Commissioners respond to rock pile
By Jamie Wiggan
Responding to a series of resident complaints over rock piles amassed at a construction site near a residential neighborhood, Rick Urbano, planning director, advised commissioners to address the concerns in a written statement.
“Every question, we’ll get it in writing, with the solicitor and the board of commissioners’ approval,” Urbano said during the township’s March 1 business meeting. “Everyone will have all the correct answers and we’ll put it to bed.”
Prior to Urbano’s statement, residents laid out a list of questions relating to the construction site at the intersection of Waterford and Steubenville Pike, a topic that also dominated public comments during the board’s Feb. 1 meeting.
Complaining that the site – stalled by legal disputes between the township and a private property owner – poses a safety threat and mars the neighborhood’s appearance, residents are asking for the township to intervene and questioning its involvement in the disputed construction plans.
After first raising the issue Feb. 1, resident John Richnavsky returned the following month saying he didn’t receive satisfactory answers.
When he returned in March, Richnavsky asked to see documentation of the site plan approval, and requested answers as to the township’s right to pursue eminent domain, apparent conflicts of interest involving the construction site’s owner and his role on the township’s planning commission and whether the site violates a township ordinance governing “property maintenance.”
Adding to Urbano’s assignment, another resident, Brian Fleck, questioned whether the site would be classified as a “contractor’s yard” under Robinson’s zoning laws, which are prohibited in commercially-zoned portions of the township.
Promising to address all the concerns, Urbano said affected residents would receive letters prior to the April 5 scheduled meeting.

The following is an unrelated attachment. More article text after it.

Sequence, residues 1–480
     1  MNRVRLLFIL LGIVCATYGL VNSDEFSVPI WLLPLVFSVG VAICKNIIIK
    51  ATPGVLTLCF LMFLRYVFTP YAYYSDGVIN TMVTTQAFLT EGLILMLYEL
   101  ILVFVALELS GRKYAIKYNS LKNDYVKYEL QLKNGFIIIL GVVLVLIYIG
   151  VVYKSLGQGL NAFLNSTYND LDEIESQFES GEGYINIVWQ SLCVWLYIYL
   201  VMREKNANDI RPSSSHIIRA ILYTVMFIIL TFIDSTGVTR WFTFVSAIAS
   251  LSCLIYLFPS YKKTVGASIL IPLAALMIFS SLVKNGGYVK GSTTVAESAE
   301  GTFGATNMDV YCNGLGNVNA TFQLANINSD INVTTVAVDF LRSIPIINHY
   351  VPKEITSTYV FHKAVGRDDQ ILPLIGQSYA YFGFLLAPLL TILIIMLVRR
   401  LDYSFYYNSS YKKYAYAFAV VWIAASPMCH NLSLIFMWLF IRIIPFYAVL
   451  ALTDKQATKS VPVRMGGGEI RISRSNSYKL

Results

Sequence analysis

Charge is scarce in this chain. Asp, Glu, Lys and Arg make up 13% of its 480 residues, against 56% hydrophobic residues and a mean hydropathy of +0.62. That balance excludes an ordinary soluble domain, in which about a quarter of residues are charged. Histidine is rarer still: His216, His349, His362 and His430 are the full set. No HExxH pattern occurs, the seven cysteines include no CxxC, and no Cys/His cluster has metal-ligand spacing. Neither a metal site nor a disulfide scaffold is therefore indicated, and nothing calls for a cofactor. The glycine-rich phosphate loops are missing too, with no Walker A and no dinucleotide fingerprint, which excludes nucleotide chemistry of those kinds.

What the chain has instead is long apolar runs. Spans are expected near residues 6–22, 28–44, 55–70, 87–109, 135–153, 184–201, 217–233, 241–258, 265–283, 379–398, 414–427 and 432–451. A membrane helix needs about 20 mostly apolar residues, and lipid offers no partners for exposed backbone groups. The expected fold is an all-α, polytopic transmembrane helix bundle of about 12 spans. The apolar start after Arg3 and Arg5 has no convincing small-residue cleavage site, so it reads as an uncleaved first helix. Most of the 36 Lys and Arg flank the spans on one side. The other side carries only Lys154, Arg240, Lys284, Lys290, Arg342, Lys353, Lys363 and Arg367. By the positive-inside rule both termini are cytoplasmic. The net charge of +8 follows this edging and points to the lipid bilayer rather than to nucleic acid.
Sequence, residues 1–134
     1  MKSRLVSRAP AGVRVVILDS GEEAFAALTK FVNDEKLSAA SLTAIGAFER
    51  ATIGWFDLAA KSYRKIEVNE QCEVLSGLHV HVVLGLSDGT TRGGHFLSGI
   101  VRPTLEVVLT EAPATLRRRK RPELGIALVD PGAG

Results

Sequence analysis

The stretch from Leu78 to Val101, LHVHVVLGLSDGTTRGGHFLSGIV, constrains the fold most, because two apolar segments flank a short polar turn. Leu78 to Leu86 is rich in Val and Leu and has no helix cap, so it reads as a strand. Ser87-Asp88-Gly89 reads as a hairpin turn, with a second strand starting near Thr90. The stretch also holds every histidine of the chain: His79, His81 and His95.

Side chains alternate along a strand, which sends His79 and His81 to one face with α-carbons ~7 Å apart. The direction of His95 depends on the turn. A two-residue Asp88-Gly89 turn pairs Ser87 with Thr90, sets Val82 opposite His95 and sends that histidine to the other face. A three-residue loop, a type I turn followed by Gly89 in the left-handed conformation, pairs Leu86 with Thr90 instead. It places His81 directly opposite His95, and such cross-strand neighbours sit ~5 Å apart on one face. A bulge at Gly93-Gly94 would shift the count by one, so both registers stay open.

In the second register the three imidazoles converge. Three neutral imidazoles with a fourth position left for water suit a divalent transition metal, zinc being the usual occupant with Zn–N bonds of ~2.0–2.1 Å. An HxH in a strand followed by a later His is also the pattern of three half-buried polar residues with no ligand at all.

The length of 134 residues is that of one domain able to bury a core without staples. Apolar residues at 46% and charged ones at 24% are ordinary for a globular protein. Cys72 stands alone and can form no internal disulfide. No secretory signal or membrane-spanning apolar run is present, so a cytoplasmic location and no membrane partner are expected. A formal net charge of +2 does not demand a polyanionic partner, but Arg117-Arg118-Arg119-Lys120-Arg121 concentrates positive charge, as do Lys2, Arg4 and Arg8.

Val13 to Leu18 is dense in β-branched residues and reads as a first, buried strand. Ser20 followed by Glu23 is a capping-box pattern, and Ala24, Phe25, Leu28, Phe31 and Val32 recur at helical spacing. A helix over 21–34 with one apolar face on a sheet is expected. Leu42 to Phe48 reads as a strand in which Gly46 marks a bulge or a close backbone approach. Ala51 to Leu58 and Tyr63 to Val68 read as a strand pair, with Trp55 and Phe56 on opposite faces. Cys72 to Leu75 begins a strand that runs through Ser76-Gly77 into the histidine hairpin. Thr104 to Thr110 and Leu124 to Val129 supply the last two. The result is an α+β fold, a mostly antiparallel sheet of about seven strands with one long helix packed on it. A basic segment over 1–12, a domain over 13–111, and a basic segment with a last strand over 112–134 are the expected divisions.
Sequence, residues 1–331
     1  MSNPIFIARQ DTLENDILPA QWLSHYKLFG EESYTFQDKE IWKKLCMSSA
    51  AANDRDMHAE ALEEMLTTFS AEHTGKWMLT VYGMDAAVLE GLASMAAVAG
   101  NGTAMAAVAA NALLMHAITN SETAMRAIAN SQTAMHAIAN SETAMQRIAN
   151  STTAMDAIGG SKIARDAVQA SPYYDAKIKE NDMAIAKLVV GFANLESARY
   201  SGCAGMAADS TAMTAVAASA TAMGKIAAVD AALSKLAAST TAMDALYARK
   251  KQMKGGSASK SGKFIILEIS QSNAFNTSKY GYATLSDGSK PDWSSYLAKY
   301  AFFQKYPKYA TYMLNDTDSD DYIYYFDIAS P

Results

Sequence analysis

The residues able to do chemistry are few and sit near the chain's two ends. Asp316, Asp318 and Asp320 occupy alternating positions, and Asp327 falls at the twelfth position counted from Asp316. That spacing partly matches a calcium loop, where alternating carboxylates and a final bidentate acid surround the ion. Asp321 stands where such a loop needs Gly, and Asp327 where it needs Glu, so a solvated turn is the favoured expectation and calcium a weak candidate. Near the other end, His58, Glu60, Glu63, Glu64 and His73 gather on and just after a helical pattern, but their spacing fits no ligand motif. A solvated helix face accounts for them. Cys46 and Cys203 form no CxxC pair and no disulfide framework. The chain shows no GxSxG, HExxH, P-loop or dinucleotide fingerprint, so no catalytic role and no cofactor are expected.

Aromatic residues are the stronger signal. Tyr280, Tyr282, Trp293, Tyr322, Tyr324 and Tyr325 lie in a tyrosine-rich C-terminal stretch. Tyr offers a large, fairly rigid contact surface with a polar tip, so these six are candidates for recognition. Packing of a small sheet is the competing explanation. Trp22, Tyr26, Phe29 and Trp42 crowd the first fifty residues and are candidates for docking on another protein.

Also during the March 1 meeting, commissioner’s President Sam Abatta said the township will conduct a feasibility study to explore offering a virtual meeting option for public participation, following appeals to do so from a resident.
“We realize this is a way which we’re going into the 21st century,” Abatta said. “…We want to be transparent with everybody.”
Prior to Abatta’s comments, another resident told commissioners many don’t subscribe to cable packages, limiting them to attending in-person at risk of transmitting the coronavirus or missing public meetings altogether. Robinson televises meetings on a local digital channel.
“I don’t want to be here,” he said. “…These people are not six feet apart.”
Citing last year’s swimming pool closure and the cancelation of several public events throughout the year under the banner of safety, he said officials were acting hypocritically by failing to take similar precautions with public meetings.
“I have been calling for ten months, asking about ‘please add a webinar link,’” he said. “…America has switched to this, it’s the mode of access.”
Following the pandemic’s onset in March 2020, Robinson officials initially conducted business through virtual-only meetings without providing a public call-in option.
During summer, residents were readmitted to the building with social distancing regulation in place.
Meetings could be viewed on the local digital cable channel throughout.